He had just been arrested and charged with disorderly conduct last week, after police said he shouted from the gallery of the U.S. Senate. He’s been convicted five times in the District since 2009, mostly on charges of disorderly conduct and disobeying police....Some of this reminds me of our tenacious Wisconsin protesters, whose deep convictions and emotive righteousness have led them to specialize in loud annoyingness and innumerable petty violations. Grogan is different from them too. He's driven by religious fervor, and he's not on the left.
Police said Grogan once dropped to the ground in the Capitol Rotunda while clutching a doll and screamed in front of 60 visitors. Another time, police said, he paced the Capitol steps holding a bible and shouting, “Stop killing the babies.”....
Officer Shennell S. Antrobus, a U.S. Capitol Police spokesman, said officials decided to leave Grogan in the tree until after the swearing in to avoid disruptions. Police said he came down on his own after five hours.
What are the limits of protest?
ADDED: This story reminds me of an old Sunday School song:
I remember singing that as a child and feeling embarrassed by how cute the adults found it whenever a child did the spoken-word part, "Zacchaeus, you come down." Are children's songs written to amuse children or to lure children into performances that will amuse adults? If the latter, is it wrong?
Here's the Bible story, in chapter 19 of Luke:
Jesus entered Jericho and was passing through. A man was there by the name of Zacchaeus; he was a chief tax collector and was wealthy. He wanted to see who Jesus was, but because he was short he could not see over the crowd. So he ran ahead and climbed a sycamore-fig tree to see him, since Jesus was coming that way.Jesus looked with favor on the tax collector, it was his method to conspicuously reach out to those who seemed conspicuously to be sinners when there was a more subtle point that all are sinners and he is reaching out to all of us.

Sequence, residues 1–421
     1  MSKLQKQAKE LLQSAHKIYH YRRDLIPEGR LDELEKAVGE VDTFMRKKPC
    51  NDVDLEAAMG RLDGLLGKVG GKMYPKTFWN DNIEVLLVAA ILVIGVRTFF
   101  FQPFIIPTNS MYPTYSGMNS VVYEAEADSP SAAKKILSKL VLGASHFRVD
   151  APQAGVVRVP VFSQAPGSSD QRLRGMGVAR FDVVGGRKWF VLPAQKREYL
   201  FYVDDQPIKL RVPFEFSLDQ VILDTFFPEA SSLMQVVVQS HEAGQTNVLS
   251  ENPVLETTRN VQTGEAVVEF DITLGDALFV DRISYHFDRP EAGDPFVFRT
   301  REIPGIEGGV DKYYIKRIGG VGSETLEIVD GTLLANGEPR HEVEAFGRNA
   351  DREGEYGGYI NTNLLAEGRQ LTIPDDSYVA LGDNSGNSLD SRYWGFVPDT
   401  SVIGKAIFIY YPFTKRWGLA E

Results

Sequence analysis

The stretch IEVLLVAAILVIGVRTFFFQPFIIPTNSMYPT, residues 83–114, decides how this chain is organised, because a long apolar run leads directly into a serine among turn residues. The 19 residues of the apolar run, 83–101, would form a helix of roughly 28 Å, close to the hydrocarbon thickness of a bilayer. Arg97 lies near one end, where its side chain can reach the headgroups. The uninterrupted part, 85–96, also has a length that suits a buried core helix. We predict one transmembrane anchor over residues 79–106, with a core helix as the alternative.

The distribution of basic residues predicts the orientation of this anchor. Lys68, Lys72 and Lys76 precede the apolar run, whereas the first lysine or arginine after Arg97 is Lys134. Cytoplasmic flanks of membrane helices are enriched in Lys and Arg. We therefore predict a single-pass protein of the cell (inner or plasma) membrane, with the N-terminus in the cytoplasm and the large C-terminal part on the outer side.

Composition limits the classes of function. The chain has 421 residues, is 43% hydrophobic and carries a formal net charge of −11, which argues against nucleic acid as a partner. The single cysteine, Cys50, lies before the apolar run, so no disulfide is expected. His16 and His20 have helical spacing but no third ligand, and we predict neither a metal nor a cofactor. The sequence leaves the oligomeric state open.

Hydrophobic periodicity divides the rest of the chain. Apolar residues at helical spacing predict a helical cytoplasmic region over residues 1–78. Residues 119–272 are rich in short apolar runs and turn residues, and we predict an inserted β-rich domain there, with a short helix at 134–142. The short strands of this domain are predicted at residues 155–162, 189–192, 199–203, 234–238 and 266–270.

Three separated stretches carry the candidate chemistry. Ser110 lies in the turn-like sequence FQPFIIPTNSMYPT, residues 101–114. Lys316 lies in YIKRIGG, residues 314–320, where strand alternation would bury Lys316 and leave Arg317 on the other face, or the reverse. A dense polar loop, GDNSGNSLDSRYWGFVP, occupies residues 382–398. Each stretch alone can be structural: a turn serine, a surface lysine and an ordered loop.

When Jesus reached the spot, he looked up and said to him, “Zacchaeus, come down immediately. I must stay at your house today.” So he came down at once and welcomed him gladly.
All the people saw this and began to mutter, “He has gone to be the guest of a sinner.”
But Zacchaeus stood up and said to the Lord, “Look, Lord! Here and now I give half of my possessions to the poor, and if I have cheated anybody out of anything, I will pay back four times the amount.”Lefties and righties can argue about what (if anything) Jesus meant to say about taxation. One might say, as I suggested above, that Zacchaeus was chosen because the people had a stereotype equating tax collection with sin, so he easily became The Sinner, for Jesus to bounce his lesson off of. But you might say that Zacchaeus's conversion shows the importance of taxation when it is used to take accumulated wealth from the rich and to distribute it to the poor. That's not the way the taxation of the time was used, and Zacchaeus had become wealthy through his tax collection work. So he's more like a typical rich man, and he is declared saved because he instantly gave half his possessions to the poor, without regard to whether that wealth was ill-gotten. Zacchaeus makes a second promise, to give quadruple restitution of any ill-gotten gains.
Jesus said to him, “Today salvation has come to this house, because this man, too, is a son of Abraham. For the Son of Man came to seek and to save the lost.”
What is the proper tax rate for the rich? The Bible implies that it's 50% and that the spending should go toward alleviating poverty. And that's not a 50% income tax, by the way, Mr. Buffet. That's a wealth tax. You should cough up about $15 billion to get right with God.